To be honest, one of our favourite things about St. Valentine’s Day is that it means spring is just around the corner. Valentine’s Dayroots lie in Lupercalia, a pagan pre-spring cleansing festival that was celebrated February 13th to 15th and whose rituals would rid towns of evil spirits and promote health and fertility for the change of season.
Christians later borrowed the date to commemorate various saints who bore the name Valentinus between the 3rd and 5th centuries. One such martyr was St Valentine of Rome. It’s thought he would perform weddings for Christian soldiers who, under Roman rule, were forbidden to marry. When he was imprisoned for ministering the weddings he then fell in love with the jailer’s daughter and wrote her a love letter just before his execution, signed ‘Your Valentine’.
The saint's remains were sent to Dublin and his relics still reside here, in the Whitefriar St Church just up the road from Designist on Aungier St. Every year couples visit the church on February 14th to garner some auspicious luck for their relationship or light a candle in front of St. Valentine’s statue.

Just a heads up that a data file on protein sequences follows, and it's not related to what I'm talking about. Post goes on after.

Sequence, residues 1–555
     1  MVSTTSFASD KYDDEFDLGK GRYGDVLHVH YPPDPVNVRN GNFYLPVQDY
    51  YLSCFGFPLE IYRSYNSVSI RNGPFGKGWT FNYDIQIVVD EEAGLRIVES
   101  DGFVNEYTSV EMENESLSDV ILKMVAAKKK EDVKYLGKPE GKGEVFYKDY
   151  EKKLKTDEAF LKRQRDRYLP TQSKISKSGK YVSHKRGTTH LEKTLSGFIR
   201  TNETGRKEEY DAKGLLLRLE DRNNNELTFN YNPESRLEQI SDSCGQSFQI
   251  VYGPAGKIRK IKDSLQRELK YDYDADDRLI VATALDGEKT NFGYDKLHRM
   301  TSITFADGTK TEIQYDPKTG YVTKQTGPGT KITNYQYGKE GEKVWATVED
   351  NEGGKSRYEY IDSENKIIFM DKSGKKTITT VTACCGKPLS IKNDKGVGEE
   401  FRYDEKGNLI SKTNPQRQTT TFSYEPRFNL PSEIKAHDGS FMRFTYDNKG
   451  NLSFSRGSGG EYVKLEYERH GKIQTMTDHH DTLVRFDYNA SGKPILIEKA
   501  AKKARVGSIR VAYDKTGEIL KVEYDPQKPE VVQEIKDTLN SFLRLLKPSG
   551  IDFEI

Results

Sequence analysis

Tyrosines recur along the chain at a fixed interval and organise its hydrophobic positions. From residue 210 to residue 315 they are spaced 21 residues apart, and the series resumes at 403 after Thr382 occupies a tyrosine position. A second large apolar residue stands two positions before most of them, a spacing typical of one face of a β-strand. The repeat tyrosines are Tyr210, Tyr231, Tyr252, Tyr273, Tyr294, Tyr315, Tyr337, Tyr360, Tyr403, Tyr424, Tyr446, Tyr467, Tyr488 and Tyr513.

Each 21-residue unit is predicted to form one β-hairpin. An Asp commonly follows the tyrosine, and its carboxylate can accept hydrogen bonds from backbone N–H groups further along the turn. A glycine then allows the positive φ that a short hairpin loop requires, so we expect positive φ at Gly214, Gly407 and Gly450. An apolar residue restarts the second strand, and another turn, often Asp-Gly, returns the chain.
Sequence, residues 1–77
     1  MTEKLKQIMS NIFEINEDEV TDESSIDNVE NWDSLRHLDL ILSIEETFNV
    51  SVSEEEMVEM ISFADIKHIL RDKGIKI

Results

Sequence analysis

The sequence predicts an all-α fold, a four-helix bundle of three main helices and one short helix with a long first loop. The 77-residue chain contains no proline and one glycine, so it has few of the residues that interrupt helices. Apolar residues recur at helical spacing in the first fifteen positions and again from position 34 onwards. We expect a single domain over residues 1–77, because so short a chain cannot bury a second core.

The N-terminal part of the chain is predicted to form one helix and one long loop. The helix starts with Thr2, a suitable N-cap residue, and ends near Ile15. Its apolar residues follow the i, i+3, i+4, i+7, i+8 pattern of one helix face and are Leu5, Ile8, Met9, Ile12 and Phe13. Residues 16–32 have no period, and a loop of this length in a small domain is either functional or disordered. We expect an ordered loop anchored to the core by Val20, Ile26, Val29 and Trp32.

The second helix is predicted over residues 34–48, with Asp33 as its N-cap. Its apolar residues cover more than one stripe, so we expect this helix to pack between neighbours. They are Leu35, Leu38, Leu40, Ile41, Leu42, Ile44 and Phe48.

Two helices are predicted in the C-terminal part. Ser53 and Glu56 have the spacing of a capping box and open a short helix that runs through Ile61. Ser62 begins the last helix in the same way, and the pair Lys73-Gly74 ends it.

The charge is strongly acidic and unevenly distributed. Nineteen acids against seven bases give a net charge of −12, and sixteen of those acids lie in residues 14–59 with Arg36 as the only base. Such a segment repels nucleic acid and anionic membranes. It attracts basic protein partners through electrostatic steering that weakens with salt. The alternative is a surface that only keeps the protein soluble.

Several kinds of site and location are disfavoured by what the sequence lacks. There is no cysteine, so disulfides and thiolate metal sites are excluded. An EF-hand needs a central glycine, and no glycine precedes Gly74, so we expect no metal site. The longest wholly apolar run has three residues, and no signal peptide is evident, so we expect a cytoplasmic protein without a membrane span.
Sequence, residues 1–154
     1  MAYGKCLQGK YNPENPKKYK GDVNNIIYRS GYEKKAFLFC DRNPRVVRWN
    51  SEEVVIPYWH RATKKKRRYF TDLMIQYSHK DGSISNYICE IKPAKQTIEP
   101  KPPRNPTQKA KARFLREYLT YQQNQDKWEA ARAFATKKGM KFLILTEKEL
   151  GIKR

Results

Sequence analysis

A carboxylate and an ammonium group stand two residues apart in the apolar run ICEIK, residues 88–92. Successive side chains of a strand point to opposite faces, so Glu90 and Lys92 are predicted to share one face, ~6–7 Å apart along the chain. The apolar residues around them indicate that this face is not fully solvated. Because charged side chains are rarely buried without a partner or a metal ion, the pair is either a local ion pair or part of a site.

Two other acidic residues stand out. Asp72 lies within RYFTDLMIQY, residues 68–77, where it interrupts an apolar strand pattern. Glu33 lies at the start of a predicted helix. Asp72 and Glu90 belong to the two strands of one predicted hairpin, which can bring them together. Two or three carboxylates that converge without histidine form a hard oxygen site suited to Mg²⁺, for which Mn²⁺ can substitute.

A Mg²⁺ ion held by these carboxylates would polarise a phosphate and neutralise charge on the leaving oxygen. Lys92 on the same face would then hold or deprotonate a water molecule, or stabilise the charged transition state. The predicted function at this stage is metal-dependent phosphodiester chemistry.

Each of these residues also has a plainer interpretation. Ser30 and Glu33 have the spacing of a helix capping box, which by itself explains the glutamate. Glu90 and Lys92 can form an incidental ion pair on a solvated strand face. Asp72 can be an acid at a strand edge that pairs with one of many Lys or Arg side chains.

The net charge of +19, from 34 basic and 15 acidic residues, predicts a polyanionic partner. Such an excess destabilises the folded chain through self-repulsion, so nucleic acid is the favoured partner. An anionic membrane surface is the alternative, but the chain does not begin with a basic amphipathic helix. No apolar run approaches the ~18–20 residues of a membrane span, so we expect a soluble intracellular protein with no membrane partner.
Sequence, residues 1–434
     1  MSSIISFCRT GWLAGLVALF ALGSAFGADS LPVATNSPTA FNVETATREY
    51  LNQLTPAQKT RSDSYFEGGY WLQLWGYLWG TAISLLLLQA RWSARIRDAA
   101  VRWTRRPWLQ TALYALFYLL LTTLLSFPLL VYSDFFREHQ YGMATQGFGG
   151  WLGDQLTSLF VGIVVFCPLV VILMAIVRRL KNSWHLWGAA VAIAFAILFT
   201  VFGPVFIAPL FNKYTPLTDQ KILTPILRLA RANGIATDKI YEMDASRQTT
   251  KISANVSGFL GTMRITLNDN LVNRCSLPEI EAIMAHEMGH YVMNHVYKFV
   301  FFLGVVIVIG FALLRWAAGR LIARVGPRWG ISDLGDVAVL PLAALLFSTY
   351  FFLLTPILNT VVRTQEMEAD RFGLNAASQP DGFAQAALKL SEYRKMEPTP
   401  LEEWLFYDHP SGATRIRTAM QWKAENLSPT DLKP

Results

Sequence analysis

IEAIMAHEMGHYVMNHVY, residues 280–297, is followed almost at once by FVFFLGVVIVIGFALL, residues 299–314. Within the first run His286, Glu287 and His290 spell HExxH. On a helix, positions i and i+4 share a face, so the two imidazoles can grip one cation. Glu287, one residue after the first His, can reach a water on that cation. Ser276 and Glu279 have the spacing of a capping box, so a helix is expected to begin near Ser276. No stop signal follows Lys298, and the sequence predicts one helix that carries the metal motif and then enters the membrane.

But it was poet and ‘father of English literature’, Geoffrey Chaucher (of Canterbury Tales fame) who really and truly crystalised the association of St Valentine’s Day with romantic love when, in 1382, he wrote:
For this was on seynt Volantynys day
Whan euery bryd comyth there to chese his make.
[“For this was on St. Valentine's Day,
when every bird comes to choose his mate”]
Over the subsequent centuries people have increasingly adopted and reinforced the romantic take on St. Valentine’s Day, from Ophelia desperately hoping to be Hamlet’s Valentine to Lisa Simpson giving Ralph Wiggum a piteous Valentines card reading ‘I Choo-Choo-Choose You’.
Whatever the history and whether it’s for your better half, your friend, your mam or dad, or your best behaved goldfish, we certainly agree that love is a wonderful thing. So why not spread of little of that warm and mushy stuff with us this Valentine’s Day?!